The NY Jets are one of a handful of teams that remain interested in signing four-time Pro Bowl running back Dalvin Cook. Cook's recent social media activity combined with persistent rumors has many believing that a deal could be reached in the near future.
However, don't be fooled by Cook's impressive box score numbers. He's not the player he used to be.
Let's get one thing straight first — this isn't to suggest that the Jets shouldn't sign Cook under any circumstances. The soon-to-be 28-year-old is still a capable veteran running back who would improve the Jets' roster.
Cook would immediately be the second-best running back on the Jets roster and provide much-needed depth behind a still-rehabbing Breece Hall. It's easy to see why the Jets are interested, but that doesn't mean they should be the team that signs him.
Why the NY Jets probably shouldn't sign Dalvin Cook
At his peak, Cook was undoubtedly one of the best running backs in football. And just by looking at his box score numbers, you'll still see a player who rushed for over 1,100 yards on 4.4 yards per carry in 2022.
The problem is that running back performance shouldn't be gauged by looking at simple box score figures. They never tell the whole story, and Cook is the best example of that.
Despite rushing for 1,173 yards last season, Cook ranked dead last in the entire NFL in RYOE (rushing yards over expected). This was despite Cook's expected yards per carry ranking in the top 10 in the NFL.
This means that Cook was frequently put in favorable positions by a Minnesota Vikings offensive line that finished with the fourth-highest Pro Football Focus run-blocking grade but that he significantly underachieved.
Cook also ranks near the bottom of all qualified running backs in DVOA and EPA per carry — two figures that are generally very predictive of future success when it comes to running backs.
On top of that, even if you want to ignore the analytics, Cook still ranks first among all running backs in fumbles over the last four years and third in drops over that same time frame.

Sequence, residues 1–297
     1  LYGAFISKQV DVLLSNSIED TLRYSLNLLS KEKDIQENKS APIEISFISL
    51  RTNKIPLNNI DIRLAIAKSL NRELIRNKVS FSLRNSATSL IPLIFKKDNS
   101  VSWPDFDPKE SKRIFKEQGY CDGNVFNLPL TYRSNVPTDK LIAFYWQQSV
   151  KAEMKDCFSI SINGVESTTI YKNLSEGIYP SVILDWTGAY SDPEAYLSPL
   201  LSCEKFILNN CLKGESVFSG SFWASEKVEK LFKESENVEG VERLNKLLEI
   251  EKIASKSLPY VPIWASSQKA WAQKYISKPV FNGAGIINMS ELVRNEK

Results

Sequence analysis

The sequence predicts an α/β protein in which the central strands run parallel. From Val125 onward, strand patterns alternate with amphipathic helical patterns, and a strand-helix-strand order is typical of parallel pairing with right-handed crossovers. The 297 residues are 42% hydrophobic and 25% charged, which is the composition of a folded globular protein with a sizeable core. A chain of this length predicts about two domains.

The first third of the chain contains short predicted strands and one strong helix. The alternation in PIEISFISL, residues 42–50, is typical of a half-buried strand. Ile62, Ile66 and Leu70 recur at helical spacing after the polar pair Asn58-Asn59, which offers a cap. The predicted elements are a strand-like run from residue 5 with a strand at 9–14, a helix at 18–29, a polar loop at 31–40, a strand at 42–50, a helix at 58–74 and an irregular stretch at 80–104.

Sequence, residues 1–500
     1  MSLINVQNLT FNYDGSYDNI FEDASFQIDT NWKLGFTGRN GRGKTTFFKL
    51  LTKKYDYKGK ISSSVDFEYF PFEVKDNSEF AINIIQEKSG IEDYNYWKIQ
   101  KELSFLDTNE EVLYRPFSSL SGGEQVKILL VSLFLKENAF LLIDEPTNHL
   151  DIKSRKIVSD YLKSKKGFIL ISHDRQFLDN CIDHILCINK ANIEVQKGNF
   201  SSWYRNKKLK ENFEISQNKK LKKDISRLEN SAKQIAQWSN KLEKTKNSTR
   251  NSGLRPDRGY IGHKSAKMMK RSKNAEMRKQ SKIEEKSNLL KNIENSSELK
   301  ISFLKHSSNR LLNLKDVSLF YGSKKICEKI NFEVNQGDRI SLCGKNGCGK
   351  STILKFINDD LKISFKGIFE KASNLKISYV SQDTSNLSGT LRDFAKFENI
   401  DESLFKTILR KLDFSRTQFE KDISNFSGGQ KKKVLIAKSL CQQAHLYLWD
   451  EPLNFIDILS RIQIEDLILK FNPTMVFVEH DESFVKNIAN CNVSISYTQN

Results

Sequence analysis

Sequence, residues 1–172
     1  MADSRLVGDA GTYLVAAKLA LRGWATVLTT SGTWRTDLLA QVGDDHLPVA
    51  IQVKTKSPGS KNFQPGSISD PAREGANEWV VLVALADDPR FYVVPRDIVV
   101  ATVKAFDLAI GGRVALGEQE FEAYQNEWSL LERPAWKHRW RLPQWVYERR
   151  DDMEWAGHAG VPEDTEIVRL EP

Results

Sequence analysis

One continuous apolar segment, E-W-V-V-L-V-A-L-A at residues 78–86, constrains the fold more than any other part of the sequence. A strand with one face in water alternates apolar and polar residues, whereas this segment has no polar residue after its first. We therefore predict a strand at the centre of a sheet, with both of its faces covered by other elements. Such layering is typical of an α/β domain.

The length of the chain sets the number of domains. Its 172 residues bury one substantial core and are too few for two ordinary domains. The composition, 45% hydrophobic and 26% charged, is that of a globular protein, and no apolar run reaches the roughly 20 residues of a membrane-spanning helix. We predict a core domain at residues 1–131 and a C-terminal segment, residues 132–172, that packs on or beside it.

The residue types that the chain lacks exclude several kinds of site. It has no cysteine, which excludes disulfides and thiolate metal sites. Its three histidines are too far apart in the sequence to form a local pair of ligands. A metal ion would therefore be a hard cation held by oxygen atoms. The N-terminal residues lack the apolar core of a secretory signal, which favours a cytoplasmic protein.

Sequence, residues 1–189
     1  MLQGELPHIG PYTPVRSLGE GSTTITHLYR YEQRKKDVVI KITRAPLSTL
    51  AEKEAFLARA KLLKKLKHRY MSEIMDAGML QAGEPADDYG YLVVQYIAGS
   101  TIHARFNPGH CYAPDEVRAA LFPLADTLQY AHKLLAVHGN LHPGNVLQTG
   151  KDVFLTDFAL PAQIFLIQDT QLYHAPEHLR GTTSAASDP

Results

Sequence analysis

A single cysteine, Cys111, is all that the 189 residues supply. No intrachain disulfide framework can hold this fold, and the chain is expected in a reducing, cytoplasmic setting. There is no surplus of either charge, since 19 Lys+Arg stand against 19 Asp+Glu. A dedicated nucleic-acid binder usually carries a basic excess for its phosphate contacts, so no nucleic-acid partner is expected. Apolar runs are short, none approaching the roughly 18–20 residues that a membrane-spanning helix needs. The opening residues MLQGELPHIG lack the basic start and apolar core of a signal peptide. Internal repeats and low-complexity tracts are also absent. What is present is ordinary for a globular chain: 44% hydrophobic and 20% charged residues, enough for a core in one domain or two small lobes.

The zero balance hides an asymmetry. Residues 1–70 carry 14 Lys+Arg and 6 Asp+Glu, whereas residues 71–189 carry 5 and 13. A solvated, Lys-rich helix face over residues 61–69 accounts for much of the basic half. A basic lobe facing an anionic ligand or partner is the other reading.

In the past, Cook's efficiency as a runner helped make up for his fumble and drop issues. Now, that just isn't the case anymore.
Cook isn't completely washed, and he's likely the best of the veteran running backs on the market, but his asking price is likely significantly higher than he's worth.
NFL Network's Tom Pelissero reported earlier this month that Cook is seeking a "significant contract" in free agency and that he isn't likely to accept a deal worth $4-5 million per season. If you ask me, even $4-5 million is too much for what Cook brings to the table at this stage.
The Jets should focus their attention (and available cap space) on adding players that move the needle more than Cook does. We're talking DeAndre Hopkins (no matter how unlikely that might be) and Kwon Alexander.
Hopkins, unlike Cook, is still producing at a very high level and remains a borderline WR1. Alexander fills a significant need on defense and can likely be had for cheap.
Dalvin Cook is a fine running back who would absolutely help the Jets address a potential need. He's a quality backup running back, but that's really all he is at this stage.
The Jets shouldn't pay Cook anywhere near what he's asking. Don't be tricked by the fool's gold that is Dalvin Cook in the year 2023. He's just not that guy anymore, and the numbers (and film) prove it.